NCSC strengthens families and the community in Newton, Waltham, and surrounding areas by providing programs that support healthy child development, enable parents to balance work and family life, promote effective parenting, and encourage volunteerism. The agency actively engages a racially, economically, and culturally diverse population.
Young children need to grow emotionally, socially, and intellectually, so that when they start school, they succeed. Unstable family situations, exacerbated by domestic violence, mental illness, substance abuse, poverty, and homelessness may greatly impact parenting and healthy child development. Recent research has demonstrated that young children develop within the context of stable and nurturing relationships. Healthy child development and the concurrent brain development that occurs during the first three years of life are essential for school readiness and future success. The parent-child relationship is crucial for healthy child development. Parents need assistance regarding 1) how to support their children's emotional, social, and intellectual development, and 2) how to advocate for their children in school—all while meeting their children’s physical needs, earning a living, and maintaining the home.
NCSC addresses these community needs through four well-integrated programs, anchored by our Early Childhood Education (EEC) program for infants through preschool, and including family counseling and support (Parents Program), early literacy education and intervention (Parent-Child Home Program and Raising a Reader), and Child Assault Prevention.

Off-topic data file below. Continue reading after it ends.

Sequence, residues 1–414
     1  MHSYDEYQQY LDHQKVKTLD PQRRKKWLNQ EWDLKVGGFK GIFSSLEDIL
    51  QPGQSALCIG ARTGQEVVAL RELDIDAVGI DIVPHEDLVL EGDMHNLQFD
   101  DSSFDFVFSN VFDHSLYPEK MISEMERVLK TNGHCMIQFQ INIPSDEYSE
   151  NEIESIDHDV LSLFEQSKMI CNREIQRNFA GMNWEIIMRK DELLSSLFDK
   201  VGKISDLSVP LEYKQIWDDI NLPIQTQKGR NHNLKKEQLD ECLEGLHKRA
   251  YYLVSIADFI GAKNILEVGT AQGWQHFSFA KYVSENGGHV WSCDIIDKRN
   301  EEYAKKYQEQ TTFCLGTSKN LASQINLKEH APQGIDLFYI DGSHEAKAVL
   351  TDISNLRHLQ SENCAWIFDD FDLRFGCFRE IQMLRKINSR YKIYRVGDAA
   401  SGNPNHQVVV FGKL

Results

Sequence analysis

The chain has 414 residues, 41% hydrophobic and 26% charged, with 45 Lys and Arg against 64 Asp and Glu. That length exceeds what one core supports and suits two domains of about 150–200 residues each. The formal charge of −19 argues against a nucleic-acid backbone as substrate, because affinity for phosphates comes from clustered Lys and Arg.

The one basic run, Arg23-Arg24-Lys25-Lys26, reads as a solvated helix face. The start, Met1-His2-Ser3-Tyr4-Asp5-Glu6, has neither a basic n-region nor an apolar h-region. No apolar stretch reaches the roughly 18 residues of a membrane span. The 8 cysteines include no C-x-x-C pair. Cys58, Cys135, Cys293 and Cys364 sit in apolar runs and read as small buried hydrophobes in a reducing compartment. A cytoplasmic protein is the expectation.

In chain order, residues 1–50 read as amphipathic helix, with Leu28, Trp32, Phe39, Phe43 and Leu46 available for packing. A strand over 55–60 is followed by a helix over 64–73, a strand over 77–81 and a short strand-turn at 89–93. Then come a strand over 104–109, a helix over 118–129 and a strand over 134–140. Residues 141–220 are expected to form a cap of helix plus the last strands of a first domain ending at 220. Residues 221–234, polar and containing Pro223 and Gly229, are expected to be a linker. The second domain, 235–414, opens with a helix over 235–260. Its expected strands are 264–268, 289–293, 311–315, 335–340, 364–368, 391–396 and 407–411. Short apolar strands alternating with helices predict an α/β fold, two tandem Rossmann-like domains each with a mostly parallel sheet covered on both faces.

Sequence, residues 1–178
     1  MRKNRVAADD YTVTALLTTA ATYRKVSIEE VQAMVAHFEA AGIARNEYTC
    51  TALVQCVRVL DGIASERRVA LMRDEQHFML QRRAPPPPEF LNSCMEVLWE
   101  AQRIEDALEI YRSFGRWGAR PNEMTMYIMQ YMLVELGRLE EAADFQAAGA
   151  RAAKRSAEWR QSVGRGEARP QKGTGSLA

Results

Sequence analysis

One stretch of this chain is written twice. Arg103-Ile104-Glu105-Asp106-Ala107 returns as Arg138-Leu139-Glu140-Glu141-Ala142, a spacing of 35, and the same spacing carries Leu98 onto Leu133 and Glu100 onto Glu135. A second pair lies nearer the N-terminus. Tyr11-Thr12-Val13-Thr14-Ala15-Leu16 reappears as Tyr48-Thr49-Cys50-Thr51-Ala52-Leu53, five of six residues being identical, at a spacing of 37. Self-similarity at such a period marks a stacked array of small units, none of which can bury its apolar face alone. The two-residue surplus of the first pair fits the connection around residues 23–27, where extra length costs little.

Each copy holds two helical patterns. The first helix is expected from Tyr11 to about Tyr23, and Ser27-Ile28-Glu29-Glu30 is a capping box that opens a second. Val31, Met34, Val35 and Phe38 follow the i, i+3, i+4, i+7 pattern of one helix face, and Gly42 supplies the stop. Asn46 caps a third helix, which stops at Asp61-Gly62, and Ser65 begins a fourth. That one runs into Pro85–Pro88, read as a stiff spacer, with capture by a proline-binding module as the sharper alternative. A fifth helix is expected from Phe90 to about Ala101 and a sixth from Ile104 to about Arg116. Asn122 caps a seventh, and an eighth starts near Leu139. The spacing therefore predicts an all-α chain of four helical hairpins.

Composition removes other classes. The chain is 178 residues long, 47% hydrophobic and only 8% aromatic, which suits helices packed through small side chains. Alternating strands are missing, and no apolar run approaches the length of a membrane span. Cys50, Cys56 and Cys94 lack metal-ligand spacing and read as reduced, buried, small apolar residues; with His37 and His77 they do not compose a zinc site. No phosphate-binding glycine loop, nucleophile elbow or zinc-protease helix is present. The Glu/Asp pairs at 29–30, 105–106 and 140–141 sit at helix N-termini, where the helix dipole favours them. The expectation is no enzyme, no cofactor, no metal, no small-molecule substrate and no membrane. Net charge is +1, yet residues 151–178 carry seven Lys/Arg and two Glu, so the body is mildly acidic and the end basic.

Our longstanding programs, led by experienced and passionate directors, produce:
1) improved parenting skills for new and/or young parents
2) stronger family attachments
3) increased early literacy and improved language skills created through developmentally appropriate play and reading activities between parent and child.
Our approach is shaped by the Touchpoints Approach developed by Dr. T. Berry Brazelton from Boston Children’s Hospital, which focuses on relationships between the child, parent and teacher. This model has been evaluated in health care, early education and care, public health home visiting, and parent support programs throughout the United States with significant positive outcomes. NCSC integrates this unique approach into all of its programs.
In addition to our programs focused on young children and their families, NCSC also offers a creative volunteer program that serves the broader MetroWest Community. Our SOAR 55 program is part of a national network of volunteer agencies that help meet critical community needs through the volunteer service of older adults. The program provides direct service as well as management consultant volunteers to more than 80 nonprofits in the communities of Ashland, Framingham, Natick, Newton, Wayland, Wellesley, and Weston.